According to trends researched by Gallup, most Presidents lose seats in the midterm elections, but looking at numbers from 1946 through today, Commander-in-Chiefs with a 50%+ approval rating lose an average of 14 seats in the House of Representatives during midterm elections, while those with >50% approval lose an average of 36 seats.
The president’s party nearly always loses seats in midterm elections, regardless of how well the president is rated by the public. Since World War II, only Clinton in 1998 and Bush in 2002 saw their parties gain seats in a midterm. Both men had approval ratings above 60% at the time of those elections. However, the parties of the other three presidents with ratings above 60% (Eisenhower in 1954, Kennedy in 1962, and Reagan in 1986) lost seats.
In general, though, the more popular a president is, the fewer seats his party loses, as presidents with approval ratings above 60% have averaged just a three-seat loss
Keep in mind that the 50%+ number is probably inflated as it includes a loss of 43 seats for Gerald Ford. That 1986 election was also the voter’s first chance to voice their disapproval regarding Watergate (taking out the Ford number would make the average -4).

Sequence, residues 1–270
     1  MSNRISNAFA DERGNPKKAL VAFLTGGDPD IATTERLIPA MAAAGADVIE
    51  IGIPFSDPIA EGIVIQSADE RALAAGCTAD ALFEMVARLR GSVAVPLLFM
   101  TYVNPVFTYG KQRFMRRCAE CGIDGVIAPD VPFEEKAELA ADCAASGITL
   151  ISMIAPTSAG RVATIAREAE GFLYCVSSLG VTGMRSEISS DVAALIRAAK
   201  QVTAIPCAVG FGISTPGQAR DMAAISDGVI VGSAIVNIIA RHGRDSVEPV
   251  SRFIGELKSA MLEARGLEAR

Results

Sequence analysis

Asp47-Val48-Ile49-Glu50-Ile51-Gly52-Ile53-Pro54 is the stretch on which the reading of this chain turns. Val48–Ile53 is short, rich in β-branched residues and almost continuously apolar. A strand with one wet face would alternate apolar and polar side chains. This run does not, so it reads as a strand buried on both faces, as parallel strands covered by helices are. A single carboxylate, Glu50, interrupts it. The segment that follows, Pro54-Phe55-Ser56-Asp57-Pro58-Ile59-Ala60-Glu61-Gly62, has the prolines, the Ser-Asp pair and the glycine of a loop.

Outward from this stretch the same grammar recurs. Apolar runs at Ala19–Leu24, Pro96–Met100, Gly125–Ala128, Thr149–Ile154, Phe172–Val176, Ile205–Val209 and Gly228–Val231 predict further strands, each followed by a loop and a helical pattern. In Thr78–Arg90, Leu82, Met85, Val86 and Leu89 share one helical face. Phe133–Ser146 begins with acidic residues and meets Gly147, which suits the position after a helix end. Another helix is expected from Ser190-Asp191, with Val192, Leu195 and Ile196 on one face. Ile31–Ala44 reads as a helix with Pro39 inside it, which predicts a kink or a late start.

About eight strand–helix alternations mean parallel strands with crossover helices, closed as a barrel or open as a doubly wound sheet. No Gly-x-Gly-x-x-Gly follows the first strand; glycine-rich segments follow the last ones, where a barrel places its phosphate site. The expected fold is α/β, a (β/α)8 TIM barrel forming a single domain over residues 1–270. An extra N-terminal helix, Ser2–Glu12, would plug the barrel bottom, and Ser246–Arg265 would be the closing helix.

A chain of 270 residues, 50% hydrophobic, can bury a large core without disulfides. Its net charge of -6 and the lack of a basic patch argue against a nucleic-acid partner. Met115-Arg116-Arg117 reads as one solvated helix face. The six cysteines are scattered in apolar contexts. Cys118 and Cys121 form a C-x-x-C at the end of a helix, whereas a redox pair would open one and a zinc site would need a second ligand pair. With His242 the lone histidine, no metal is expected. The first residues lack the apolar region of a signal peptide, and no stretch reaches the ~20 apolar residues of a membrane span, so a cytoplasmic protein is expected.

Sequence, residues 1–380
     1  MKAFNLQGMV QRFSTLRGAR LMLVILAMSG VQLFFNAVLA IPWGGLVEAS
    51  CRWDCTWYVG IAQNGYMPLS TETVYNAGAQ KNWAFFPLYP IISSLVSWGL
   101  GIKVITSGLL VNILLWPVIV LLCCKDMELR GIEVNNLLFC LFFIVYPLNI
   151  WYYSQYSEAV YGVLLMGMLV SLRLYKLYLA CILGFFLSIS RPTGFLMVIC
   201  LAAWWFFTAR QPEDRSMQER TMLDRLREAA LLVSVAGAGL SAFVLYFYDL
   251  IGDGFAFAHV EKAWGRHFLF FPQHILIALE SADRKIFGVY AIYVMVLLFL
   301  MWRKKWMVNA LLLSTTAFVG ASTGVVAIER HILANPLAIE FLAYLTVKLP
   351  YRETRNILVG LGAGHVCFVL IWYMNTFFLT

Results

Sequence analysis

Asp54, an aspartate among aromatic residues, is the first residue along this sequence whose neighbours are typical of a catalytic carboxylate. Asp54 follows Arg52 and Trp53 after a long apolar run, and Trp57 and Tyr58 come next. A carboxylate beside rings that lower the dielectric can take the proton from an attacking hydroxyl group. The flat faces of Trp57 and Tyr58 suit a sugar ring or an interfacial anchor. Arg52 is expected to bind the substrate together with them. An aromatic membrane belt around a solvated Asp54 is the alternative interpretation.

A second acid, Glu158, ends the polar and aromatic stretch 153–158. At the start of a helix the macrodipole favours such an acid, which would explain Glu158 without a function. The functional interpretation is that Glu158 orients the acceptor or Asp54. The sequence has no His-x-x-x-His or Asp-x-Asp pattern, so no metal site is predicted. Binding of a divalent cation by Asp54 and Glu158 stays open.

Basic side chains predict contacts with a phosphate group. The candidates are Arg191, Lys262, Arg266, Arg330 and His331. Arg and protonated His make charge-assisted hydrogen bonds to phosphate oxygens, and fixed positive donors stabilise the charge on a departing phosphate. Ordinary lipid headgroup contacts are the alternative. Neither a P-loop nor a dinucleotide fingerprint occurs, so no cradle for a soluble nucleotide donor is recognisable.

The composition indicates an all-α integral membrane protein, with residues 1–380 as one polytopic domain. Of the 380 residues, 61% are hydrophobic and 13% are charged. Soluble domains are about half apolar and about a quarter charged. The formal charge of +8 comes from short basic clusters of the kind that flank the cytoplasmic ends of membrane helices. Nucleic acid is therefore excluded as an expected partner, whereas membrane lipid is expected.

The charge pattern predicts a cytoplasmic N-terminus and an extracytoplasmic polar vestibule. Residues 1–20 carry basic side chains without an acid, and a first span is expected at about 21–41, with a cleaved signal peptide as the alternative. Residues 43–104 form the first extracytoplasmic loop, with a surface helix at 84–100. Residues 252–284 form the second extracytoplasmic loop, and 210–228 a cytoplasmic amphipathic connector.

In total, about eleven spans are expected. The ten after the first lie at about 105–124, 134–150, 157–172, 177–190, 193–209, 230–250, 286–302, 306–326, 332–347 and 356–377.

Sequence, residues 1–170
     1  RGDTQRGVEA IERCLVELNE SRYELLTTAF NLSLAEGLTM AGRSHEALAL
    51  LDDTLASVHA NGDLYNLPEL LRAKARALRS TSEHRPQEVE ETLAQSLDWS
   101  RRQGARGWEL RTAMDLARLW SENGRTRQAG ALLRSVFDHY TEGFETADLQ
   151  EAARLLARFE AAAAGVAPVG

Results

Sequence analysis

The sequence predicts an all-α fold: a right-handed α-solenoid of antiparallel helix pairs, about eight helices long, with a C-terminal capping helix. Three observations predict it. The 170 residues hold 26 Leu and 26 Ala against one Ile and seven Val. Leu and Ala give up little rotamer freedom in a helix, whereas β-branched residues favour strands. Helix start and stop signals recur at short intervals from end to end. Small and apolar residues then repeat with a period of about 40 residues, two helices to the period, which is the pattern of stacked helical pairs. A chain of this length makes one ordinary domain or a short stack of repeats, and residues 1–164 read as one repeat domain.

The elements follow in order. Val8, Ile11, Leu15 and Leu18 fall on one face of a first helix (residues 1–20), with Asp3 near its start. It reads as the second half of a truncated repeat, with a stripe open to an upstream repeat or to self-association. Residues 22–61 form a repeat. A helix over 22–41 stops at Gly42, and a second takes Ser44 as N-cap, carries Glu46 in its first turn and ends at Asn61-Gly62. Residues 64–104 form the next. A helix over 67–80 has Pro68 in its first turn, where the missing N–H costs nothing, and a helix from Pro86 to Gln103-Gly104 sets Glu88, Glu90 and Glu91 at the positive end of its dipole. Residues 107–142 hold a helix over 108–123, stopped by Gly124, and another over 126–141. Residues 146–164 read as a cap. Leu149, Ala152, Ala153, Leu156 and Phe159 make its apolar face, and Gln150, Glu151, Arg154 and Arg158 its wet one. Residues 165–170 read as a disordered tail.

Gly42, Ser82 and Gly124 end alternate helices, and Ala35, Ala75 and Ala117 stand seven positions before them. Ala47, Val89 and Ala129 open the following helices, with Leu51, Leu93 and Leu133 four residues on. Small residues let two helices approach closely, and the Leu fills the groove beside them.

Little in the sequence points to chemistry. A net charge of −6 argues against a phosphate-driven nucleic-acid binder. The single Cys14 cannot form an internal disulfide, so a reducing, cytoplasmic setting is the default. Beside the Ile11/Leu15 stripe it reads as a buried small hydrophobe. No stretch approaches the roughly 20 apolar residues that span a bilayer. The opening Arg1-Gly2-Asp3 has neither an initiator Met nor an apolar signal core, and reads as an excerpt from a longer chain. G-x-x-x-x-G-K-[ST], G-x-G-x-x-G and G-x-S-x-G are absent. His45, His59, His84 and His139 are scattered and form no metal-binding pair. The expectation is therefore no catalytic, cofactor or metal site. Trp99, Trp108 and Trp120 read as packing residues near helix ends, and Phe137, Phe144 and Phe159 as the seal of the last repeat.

On the other hand the <50% number is deflated. In 1978 Jimmy Carter’s approval was just below 50% (49%) and his losses reflected his relatively moderate approval. Without the Carter losses the average loss would be 40 seats.
Based on Gallup’ daily tracking poll Barack Obama’s approval rating has averaging 45% during the last two full weeks of tracking. Based on the numbers adjusted above, and the president’s low approval numbers , the GOP will gain the 40 seats it needs to retake the house.
Obviously this is just an historical trend, the GOP has to work hard in the trenches to make it happen, but it does show that it CAN happen.